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April 19 edition -- Easter
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Thank you, everyone, for such a wonderful Beethoven class!

April 20 Musicians with a Mission: Seneca manor and village

April 21 Easter service at Third Presbyterian Church, 11 a.m.
        (everybody is invited!)     5701 Fifth Avenue, Pittsburgh, PA

April 26 Musicians with a Mission: Juniper Village
BEETHOVEN  OLLI
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link will stay up through May 3rd
weekly featured recording for 4.19.19
Offertoire sur "O Filii et Filliae" by Alexandre Guilmant (1837-1911)

















 This week on the blog:    Friday, April 19, 2019
     the blog also publishes on Mondays and Wednesdays. Go here to read those.
Beethoven and Us
 













I asked students in my class to share some of their stories related to Beethoven. After focusing on Beethoven's music for four and a half weeks, I wanted to provide a window for our personal encounters with the music and the man, whether positive or negative. Here are a few snippets:


"When my sister and I were about 8 and 10, we started taking piano lessons.  Our parents, who had had no musical education themselves, were determined that their children would get the musical education they hadn’t had themselves.  In fact, my mother decided to take piano lessons as well.  I remember one year, night after night, trying to go to sleep as Mom practiced “Fur Elise” downstairs - painstakingly going over passages again and again and again.  By the end of that year, I swore I’d never listen to that blasted piece again."


So, no "Fur Elise" in class. Got it. Actually there were a few of you who wrote that they couldn't stand that piece anymore. 


But not everybody.

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This weekend, Widor's celebrated Toccata, the final movement from his Fifth Organ Symphony, will be heard throughout the land. It has been a tradition at our church, too, as the Postlude to our Easter services. So a few days ago I dusted the thing off and gave it another go....

In a nutshell, the piece is both viscerally exciting and highly predictable, which is to say it soothes the mind and quickens the pulse. I might differ with some of my colleagues by suggesting that it is also a great musical achievement  and I certainly don't mind playing it a couple of times a year. One thing that none of us can deny is that it sounds very hard to play and earns many accolades from an audience. It can also be used and abused by many an amateur organist or professional trying to set land speed records as if it were the Widor 100 meter sprint.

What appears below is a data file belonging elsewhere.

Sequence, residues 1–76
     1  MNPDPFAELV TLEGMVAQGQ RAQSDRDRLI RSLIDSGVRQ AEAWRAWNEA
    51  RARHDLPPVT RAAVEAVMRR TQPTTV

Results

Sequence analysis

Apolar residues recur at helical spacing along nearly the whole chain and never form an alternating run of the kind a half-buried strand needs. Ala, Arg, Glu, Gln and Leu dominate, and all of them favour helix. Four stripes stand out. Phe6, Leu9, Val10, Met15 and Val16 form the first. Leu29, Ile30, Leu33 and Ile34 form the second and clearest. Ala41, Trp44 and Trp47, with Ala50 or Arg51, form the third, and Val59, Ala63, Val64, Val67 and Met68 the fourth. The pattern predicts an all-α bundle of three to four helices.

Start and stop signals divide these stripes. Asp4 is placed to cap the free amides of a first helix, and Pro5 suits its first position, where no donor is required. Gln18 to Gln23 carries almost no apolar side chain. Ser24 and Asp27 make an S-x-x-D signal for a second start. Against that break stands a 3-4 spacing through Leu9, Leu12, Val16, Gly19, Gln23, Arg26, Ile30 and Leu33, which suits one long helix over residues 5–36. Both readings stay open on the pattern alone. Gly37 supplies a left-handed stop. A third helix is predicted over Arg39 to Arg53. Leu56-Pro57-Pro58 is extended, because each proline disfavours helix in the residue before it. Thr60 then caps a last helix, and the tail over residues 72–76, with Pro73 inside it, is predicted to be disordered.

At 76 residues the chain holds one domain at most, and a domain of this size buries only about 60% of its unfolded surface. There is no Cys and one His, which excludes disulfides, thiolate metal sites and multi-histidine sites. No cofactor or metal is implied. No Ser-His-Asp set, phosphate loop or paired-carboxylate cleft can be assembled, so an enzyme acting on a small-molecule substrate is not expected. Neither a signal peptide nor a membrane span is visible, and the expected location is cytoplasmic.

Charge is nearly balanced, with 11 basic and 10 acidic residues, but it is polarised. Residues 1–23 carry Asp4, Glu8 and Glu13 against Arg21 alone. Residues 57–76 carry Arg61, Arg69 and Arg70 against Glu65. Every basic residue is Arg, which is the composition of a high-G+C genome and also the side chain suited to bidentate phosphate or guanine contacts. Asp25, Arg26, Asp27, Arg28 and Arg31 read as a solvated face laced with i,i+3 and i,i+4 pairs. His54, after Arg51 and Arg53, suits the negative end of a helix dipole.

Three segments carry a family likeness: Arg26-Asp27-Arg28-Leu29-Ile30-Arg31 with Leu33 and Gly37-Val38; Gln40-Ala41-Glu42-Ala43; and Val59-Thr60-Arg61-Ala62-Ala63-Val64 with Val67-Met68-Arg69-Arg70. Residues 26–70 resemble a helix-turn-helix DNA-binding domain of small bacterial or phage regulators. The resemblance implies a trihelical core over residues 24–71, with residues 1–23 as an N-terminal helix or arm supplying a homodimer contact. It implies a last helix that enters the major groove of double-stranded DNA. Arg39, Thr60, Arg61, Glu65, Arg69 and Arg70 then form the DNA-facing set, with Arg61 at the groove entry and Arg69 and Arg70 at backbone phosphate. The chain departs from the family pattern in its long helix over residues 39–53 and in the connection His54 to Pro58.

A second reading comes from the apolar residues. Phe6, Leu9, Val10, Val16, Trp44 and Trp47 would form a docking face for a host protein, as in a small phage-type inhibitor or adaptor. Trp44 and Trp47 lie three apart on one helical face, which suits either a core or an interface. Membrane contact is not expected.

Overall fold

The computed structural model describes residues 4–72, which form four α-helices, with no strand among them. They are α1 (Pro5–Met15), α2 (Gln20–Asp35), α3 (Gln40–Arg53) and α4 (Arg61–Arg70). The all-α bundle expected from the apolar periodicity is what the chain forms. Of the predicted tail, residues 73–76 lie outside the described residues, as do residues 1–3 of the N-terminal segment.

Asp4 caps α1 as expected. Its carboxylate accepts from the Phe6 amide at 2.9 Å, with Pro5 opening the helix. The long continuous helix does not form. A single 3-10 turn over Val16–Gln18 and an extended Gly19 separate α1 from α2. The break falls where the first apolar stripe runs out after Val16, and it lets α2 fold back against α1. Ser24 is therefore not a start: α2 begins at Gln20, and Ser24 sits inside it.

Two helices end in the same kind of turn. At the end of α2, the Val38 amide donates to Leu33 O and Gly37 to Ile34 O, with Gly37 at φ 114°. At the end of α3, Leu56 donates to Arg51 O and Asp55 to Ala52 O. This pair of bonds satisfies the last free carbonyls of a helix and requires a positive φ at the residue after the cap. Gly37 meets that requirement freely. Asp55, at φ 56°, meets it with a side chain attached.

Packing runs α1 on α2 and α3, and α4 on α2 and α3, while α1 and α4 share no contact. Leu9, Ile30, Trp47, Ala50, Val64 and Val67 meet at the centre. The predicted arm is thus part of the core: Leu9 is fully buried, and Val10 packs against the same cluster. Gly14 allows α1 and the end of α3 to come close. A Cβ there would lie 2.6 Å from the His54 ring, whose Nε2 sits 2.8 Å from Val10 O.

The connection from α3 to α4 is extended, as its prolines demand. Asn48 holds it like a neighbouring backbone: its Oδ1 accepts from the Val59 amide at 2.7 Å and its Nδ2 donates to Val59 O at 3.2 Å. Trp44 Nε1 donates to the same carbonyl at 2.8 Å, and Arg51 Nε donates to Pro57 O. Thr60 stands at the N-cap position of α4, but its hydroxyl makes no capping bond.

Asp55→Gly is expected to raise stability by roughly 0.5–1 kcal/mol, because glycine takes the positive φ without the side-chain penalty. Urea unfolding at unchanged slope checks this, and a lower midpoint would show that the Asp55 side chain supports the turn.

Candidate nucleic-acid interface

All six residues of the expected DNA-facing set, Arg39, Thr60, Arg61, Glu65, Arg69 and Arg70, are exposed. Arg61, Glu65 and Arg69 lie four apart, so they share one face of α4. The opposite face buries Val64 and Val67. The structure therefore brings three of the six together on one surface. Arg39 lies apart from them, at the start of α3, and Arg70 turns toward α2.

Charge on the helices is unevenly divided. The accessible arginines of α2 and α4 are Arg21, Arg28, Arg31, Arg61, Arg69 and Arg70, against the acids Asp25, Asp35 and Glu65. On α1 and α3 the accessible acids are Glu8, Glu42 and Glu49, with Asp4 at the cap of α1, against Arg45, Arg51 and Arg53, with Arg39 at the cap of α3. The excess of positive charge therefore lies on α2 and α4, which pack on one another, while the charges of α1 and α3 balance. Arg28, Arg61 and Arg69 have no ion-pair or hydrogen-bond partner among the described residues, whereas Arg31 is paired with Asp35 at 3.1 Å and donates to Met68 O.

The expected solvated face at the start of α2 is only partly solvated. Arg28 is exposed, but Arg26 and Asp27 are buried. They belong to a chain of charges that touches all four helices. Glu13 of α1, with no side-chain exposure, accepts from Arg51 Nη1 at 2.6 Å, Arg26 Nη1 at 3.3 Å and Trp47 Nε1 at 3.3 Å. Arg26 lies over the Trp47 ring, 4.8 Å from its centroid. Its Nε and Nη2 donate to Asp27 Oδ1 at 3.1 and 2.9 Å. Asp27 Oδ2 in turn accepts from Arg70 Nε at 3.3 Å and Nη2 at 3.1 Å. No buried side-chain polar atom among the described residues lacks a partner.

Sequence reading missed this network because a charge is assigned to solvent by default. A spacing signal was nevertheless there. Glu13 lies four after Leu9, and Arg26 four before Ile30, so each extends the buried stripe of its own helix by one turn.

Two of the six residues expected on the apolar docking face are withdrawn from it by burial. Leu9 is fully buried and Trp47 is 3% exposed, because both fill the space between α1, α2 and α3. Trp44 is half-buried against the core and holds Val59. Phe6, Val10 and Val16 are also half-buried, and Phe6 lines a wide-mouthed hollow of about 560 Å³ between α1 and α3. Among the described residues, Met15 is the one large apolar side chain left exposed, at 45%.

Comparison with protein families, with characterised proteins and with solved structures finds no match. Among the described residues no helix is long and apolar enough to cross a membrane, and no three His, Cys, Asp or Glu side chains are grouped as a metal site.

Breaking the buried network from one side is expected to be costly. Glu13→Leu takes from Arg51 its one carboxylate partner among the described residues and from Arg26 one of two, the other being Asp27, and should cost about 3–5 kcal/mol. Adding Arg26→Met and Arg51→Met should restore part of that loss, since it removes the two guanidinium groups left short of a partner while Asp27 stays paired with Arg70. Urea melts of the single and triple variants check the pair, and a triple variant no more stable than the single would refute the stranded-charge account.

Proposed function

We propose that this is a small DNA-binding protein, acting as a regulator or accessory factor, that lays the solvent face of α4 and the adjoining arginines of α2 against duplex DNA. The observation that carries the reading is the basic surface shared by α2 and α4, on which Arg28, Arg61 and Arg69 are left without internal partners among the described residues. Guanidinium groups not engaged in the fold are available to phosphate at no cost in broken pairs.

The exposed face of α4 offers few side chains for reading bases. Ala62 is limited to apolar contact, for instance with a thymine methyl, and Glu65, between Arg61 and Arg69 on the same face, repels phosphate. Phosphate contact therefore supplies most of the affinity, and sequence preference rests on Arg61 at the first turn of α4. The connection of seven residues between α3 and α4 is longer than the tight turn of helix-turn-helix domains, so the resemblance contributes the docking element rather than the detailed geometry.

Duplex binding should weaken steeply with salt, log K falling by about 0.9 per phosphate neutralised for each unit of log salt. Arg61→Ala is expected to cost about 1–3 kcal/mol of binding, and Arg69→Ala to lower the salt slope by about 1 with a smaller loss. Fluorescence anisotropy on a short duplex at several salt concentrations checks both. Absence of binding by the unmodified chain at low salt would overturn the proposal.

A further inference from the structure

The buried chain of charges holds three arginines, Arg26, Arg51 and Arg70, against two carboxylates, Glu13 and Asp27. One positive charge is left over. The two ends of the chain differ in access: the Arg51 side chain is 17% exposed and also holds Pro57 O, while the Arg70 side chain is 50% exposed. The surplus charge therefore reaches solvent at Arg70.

The curious thing about all that is that the composer, in the usually doomed but valiant attempt by a composer to keep his creation from being made into a vehicle to simply show off the performer, put staccato dots above every single note and it is really impossible to articulate each note and play the piece ridiculously fast at the same time.

I'll show you what I mean.


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Piano vs. Organ (part 3)


 

We get tourists, sometimes. Or visitors. In any case, a young woman walked into our sanctuary one afternoon while I was practicing the organ and decided to ask the question that was pressing on her mind: which is harder to play, the piano or the organ?

She did not, it seems, want a complicated answer.

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The boring bit in the middle

part three of the "Flashy French Organ Toccata" Series


 

....Transition may be the least natural part of being human. We like to dance, to sing, and to react to what is happening right now, but we aren't very good at preparing for future events. Sometimes we like to deny them, like refusing to wear a coat out of the house because it isn't cold right now (but it will be in a few hours according to the weather forecast). This applies to larger social conditions as well. With gas prices their lowest in years, many Americans are lining up to by the same kinds of gas guzzling vehicles that caused so much pain at the pump the last time prices were high, setting themselves up for the same thing all over. When things are going well, people always think they are going to last forever...and when they aren't going well, it's the same story. But why plan ahead, anyway?

The point of my little sermon is that listening for process, for transition, for the start of something new or its return, isn't just something to keep us from being bored in the concert hall; it's also a life skill.


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